Senator Patrick Brazeau blames Tory majority in Senate for his expense woes
'What happened to me was unjust and somebody needs to be held accountable,' senator says
In his first news conference since the Crown dropped fraud and breach of trust charges against him, Senator Patrick Brazeau said his suspension from the Senate over his expense claims was politically motivated.
The senator said it was down to the "Conservative-led majority in the Senate. Plain and simple, it was politics, it wasn't administrative, it was politics."
Brazeau, himself a Tory appointee, pointed out that since he was cleared by the Deloitte audit of his expense claims in the Senate, and the charges of fraud and breach of trust were eventually dropped by the Crown, it should be clear to all Canadians that he did nothing wrong.
"Why is it that the Senate, that had a Conservative majority at the time of my suspension, decided differently?" Brazeau asked in French. "I paid a hefty price for that, so someone has to be accountable for the answers to my questions, because there will be those questions coming in future."
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Brazeau said that he went almost three years without being paid because of the accusations looming over him, and he and his lawyers were considering "all options" with respect to getting some or all of those lost wages back.
"Which employer across the country garnishes 100 per cent of somebody's salary for something that the Senate claims that I owed back?" Brazeau asked reporters gathered in his Senate office today. "What happened to me was unjust and somebody needs to be held accountable,"
Speaking to CBC News Network's Power & Politics, the senator said he was "muzzled" for the last three years, but now he wants answers for how he was treated. He vowed to work hard to "clean up" the Senate and prove it is an institution that can function properly for Canadians.
"It's not easy having undergone everything that I went through, and it should never happen to anybody in this country, and it was all because of politics," he told host Rosemary Barton.
Brazeau also spoke about his legal and personal problems since the expense scandal in the Senate began, saying that he did make some bad decisions but that he was under a great deal of stress related to the "false accusations" levied against him.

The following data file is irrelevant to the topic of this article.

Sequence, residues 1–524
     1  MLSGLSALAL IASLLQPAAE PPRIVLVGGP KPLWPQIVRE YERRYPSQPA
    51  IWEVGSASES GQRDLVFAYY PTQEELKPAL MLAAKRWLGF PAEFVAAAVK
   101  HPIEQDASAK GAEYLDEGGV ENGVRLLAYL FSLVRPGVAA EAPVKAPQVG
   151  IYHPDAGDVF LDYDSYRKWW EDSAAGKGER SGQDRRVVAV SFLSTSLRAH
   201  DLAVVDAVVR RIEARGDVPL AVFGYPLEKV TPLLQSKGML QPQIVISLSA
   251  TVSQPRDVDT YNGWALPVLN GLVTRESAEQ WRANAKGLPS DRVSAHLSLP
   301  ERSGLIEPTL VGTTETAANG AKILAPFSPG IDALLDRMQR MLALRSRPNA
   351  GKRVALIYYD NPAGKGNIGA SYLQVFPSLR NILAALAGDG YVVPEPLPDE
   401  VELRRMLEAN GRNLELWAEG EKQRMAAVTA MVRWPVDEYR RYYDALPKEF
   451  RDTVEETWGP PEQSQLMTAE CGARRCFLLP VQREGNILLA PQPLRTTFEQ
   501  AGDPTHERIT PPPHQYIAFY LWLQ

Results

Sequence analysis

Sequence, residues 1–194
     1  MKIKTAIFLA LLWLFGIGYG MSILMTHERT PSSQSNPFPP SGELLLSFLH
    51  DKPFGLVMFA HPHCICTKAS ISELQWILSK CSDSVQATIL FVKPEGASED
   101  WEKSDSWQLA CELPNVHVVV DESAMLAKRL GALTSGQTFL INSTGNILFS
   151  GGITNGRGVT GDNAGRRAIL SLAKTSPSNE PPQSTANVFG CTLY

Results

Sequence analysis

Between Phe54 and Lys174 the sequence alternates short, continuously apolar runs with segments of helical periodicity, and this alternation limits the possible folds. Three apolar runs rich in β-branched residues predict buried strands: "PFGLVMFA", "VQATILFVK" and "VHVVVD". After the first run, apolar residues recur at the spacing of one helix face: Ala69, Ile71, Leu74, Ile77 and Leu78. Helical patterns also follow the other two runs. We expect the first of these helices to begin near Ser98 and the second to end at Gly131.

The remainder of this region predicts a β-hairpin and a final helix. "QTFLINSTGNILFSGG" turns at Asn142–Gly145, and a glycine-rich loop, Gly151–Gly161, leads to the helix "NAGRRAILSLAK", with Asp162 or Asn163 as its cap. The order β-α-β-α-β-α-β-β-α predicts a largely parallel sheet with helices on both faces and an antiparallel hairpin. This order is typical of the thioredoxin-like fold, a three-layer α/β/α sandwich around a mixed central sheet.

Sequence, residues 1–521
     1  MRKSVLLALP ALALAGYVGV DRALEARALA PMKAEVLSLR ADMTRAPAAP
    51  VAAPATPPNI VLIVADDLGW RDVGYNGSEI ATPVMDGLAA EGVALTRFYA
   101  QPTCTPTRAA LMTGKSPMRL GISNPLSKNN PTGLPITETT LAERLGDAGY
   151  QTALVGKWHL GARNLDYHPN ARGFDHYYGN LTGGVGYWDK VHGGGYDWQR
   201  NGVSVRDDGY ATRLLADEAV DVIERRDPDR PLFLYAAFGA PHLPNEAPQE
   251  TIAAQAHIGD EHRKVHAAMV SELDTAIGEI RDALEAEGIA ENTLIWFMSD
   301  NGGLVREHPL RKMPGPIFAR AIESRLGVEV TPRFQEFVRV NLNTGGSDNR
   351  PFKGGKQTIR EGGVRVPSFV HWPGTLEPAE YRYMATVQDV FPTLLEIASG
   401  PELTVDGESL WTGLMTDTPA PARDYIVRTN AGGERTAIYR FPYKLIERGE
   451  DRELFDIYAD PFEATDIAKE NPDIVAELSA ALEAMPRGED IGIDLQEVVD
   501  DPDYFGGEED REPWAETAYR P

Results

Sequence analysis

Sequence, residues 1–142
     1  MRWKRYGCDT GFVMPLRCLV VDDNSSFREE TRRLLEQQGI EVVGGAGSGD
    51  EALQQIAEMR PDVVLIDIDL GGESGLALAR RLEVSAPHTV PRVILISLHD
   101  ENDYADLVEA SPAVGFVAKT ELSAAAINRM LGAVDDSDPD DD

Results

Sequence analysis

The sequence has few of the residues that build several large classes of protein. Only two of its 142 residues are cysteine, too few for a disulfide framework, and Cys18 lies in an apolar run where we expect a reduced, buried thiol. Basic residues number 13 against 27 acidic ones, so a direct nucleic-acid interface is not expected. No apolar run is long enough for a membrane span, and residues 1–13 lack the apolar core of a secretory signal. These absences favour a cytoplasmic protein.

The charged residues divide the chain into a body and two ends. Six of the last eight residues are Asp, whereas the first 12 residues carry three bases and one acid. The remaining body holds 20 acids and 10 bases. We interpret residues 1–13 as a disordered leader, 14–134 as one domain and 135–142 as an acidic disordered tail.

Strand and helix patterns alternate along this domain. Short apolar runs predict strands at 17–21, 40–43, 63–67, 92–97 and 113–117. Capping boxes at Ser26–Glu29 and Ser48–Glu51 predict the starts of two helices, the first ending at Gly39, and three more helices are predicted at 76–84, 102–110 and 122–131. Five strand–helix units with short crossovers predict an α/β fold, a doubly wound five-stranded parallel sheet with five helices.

"As you all know, last January, I tried to take my own life, and it wasn't the first time that I tried," Brazeau said. It was "the first time that it was reported, and hit the airwaves, but it wasn't the first time that I tried to commit suicide, but that was more a consequence of the last three years," he said. "I'm just glad I'm still here."
Brazeau became emotional as he later told Barton that the January attempt made him see the light. He said he does not think he would have survived had it not been for the support of his family, friends and, in particular, his father.
Brazeau said his news conference was being held, in part, to "celebrate" his return to work, which he described as a "happy moment for him and his family," promising that now is the time for him to move on and get back to the work that he loves.
The road forward
Looking back at his short Senate career, Brazeau said that if there was one thing he could change about the way he conducted himself in the early days of his appointment, it would to be less partisan. It is something he will have the opportunity to practise now that he is an independent senator.
Brazeau also mentioned that he voted Liberal in the last election and that since he has become head of government Prime Minister Justin Trudeau "has been doing a pretty decent job thus far."
Brazeau said he was looking forward to working on issues that are important to him including mental health and suicide prevention.
"I'm willing to work with anybody who will work with me on the issues that I intend work on, I have no problems with that," he said.
Legal woes remain
Brazeau and three other senators were initially singled out by the Senate for questionable expense claims.
Brazeau was charged with fraud and breach of trust but those charges were withdrawn by the Crown Wednesday, clearing him to return to his seat in the Senate.
Now that the expenses inquiry is behind him and the charges have been dropped, the senator told Barton that he did not feel entirely vindicated, and would not until someone was held accountable for the way he was treated.
While his fraud and breach of trust charges were dropped Wednesday, it won't be the end of Brazeau's legal woes. He still must return to court Oct. 26 to answer a charge of refusing to submit to a breathalyzer test for an incident that took place April 3.
Brazeau has pleaded not guilty to that charge.
After receiving notification that the charges had been dropped, Brazeau took a shot at former prime minister Stephen Harper on Twitter, saying, "I guess Harper is free to resign. He won't have to testify."
That may have been a reference to the fact that as long as Harper remains a member of Parliament he can invoke parliamentary privilege to avoid testifying at a criminal trial.
Senator Pamela Wallin's expenses were the subject of a "thorough investigation," after which RCMP decided they would not press charges.
Senator Mike Duffy was charged with 31 offences relating to his expenses. He went to trial and was cleared of all charges in April.
Retired senator Mac Harb was also charged, but those charges were also withdrawn by the Crown.